Family and Social Policies minister spoke to Daily Sabah in an exclusive interview on reforms to increase women's participation in the labor force, to improve services for the disabled and the elderly as well as plans to fully eliminate domestic violence
Family and Social Policies Minister Dr. Fatma Betül Sayan-Kaya said that they have been implementing various reforms to facilitate women's participation in economic, political and social life and underlined the aim to increase the labor force participation rate to 34.5 percent and employment rate to 30 percent by the end of 2018, while adding that their 2023 projection is to increase women's labor force participation to 41 percent. Answering Daily Sabah's question about her ministry's work, Dr. Sayan-Kaya emphasized that they will continue to work on domestic violence until it is fully eliminated.
The minister added that, in this context, they are providing education on gender equality and domestic violence to public personnel and university students to create awareness and to transform the abuse mentality.
Commenting on their efforts to support victims of terrorism and their families, including the families of those who lost their lives in the failed July 15 coup attempt, Minister Sayan-Kaya said that they are continuing to provide psycho-social support in addition to financial assistance.
Responding to allegations that social welfare makes people dependent on the state and encourages laziness, Minister Sayan-Kaya said that the people being helped are those in need, stressing that aid is actually granted after strict review. She added that they do not provide aid to people whose income is above a specific level.
DS: You hosted the Sixth Ministerial Conference on Women's Role in the Development of Organization of Islamic Conference (OIC) Member States in Istanbul last week. Can you inform us about the matters discussed at the conference?
Fatma Betül Sayan Kaya: These conferences were initiated in Istanbul in 2006 and were later organized in Cairo, Tehran, Jakarta and Baku, respectively. After a decade, it was once again organized in Istanbul. The most important topic of the conference was the establishment of Council of Women, which was voiced by President Recep Tayyip Erdoğan last year during the Islamic Summit.
A total of 26 countries participated at the level of ministers and vice presidents. The Senior Officers Meeting was held on the first day of the conference. We were in touch with the participants to form the council and asked the present ministers and vice presidents to support it. By the end of the second day, the formation of the Council of Women was decided. We believe that this council will have an important role, as it will allow us to inform the western public and administrators about Muslim women.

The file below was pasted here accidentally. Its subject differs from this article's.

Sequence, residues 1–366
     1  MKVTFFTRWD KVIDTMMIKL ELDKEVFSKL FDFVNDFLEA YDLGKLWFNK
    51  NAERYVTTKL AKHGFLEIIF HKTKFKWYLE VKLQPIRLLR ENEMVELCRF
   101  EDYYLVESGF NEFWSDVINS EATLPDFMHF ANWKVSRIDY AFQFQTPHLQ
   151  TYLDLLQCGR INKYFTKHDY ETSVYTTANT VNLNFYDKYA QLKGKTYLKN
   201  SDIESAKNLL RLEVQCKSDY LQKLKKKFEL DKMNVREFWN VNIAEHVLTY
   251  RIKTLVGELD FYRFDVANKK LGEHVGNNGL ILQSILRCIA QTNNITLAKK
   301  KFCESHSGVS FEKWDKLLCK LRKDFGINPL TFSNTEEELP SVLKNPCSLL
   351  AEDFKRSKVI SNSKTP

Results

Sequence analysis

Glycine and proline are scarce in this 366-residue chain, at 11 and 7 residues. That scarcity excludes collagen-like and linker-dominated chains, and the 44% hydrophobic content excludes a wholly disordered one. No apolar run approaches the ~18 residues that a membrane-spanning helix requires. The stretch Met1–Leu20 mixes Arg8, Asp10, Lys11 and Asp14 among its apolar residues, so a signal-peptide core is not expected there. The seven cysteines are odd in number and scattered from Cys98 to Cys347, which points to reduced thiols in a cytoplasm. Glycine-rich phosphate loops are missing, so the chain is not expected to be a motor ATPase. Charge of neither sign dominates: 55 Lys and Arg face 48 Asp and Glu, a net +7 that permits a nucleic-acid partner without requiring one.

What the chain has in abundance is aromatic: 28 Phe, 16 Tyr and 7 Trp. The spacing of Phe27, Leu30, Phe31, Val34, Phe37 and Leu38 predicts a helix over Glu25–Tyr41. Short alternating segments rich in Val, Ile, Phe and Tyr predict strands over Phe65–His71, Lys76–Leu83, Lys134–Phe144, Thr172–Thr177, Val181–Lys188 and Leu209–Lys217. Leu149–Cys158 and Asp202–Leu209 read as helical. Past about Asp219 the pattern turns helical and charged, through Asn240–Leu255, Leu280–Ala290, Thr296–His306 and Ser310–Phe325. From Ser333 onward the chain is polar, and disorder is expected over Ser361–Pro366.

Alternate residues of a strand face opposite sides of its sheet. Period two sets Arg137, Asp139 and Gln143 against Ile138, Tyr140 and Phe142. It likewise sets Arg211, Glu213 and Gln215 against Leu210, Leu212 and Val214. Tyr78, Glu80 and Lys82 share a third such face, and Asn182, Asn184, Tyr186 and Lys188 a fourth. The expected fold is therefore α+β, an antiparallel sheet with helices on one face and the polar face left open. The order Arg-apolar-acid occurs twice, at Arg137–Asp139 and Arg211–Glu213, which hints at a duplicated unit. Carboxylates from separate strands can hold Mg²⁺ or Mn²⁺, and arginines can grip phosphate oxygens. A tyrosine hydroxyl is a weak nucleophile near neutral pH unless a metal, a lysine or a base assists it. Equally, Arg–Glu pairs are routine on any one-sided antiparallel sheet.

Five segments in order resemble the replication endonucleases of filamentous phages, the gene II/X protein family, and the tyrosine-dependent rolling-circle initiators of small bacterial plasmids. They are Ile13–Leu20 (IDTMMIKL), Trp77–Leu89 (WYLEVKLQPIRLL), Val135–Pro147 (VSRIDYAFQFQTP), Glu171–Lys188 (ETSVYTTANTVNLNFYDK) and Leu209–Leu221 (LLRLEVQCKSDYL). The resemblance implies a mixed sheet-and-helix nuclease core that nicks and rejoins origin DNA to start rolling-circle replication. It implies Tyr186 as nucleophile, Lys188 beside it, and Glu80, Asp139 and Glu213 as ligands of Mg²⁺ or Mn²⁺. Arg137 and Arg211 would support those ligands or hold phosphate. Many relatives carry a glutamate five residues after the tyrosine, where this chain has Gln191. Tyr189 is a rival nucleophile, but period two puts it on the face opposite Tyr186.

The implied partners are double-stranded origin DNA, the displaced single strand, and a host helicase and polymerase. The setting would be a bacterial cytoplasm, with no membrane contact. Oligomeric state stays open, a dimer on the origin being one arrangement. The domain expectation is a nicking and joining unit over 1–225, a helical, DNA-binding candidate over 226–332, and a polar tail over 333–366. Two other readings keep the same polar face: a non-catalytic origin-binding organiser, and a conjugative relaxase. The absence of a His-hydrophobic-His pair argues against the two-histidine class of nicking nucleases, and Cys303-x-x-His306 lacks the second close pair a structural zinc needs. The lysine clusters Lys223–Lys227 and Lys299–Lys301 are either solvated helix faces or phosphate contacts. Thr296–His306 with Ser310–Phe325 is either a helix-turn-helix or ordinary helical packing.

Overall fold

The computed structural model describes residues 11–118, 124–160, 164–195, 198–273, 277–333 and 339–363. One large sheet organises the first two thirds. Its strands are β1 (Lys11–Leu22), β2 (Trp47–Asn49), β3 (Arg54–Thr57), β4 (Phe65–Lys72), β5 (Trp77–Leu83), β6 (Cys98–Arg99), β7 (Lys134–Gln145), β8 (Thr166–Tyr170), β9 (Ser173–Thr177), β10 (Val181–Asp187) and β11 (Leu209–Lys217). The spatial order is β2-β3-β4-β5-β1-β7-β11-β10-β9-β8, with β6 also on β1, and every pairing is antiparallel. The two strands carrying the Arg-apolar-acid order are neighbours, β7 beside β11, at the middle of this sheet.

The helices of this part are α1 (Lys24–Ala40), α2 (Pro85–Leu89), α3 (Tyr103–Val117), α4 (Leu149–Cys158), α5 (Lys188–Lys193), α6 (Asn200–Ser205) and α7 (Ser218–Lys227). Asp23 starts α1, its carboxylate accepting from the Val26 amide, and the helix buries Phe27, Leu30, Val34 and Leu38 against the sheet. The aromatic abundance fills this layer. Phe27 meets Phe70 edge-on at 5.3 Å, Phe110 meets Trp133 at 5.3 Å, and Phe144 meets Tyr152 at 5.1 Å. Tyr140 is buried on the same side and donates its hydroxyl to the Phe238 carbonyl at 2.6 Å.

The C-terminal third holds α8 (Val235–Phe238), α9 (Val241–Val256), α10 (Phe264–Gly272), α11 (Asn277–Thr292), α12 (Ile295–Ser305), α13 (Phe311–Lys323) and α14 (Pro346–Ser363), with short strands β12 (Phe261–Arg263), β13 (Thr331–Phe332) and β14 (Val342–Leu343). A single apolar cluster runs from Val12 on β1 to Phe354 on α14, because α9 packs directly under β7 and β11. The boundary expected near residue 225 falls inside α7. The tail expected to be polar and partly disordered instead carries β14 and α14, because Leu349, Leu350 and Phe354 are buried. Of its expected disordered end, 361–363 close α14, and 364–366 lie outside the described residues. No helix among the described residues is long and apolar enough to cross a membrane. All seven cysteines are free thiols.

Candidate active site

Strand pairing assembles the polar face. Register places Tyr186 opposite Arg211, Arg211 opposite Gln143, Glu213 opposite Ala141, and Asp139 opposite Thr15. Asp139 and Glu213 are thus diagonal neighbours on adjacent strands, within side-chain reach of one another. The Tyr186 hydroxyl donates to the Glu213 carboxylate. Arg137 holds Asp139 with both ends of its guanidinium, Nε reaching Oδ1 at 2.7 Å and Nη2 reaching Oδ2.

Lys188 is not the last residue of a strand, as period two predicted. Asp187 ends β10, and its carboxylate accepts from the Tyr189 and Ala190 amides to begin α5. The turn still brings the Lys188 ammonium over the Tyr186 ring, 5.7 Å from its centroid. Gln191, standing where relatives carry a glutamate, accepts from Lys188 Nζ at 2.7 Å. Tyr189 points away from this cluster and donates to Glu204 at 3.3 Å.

Moreover, the council will propose resolutions to issues of women living in Muslim countries. It will provide counsel and defend the rights of women. We asked the each OIC member country to appoint three candidates and inform the secretary general. We expect the candidates to be appointed by the end of November. We will also be appointing our candidates.
DS: You visited the families of all the victims who lost their lives in the July 15 coup attempt. What sort of services does your ministry provide for them?
FBSK: If it weren't for the people who took the street on the night of the coup attempt on July 15, we would not be a free and democratic country today. We know that we cannot repay the sacrifices made by our martyrs and veterans. However, we are trying to do whatever we can for the families of martyrs and veterans.
When the coup attempt initially started, I was working at the ministry. Learning about the coup attempt, I went to the prime minister's residence and coordinated with the other ministers that were there. We decided to gather at the Parliament and quickly headed there. Our bureaucrats were up all night forming a crisis desk. Some went to hospitals to take care of the wounded. Right after July 15, through our provincial directorates, our ministry started to meet with martyr families and we continue to provide psychosocial support to the families of the victims. We completed the majority of the work which will allow us to cater to the needs of the martyr families and veterans, and help them benefit from certain rights granted to them by law.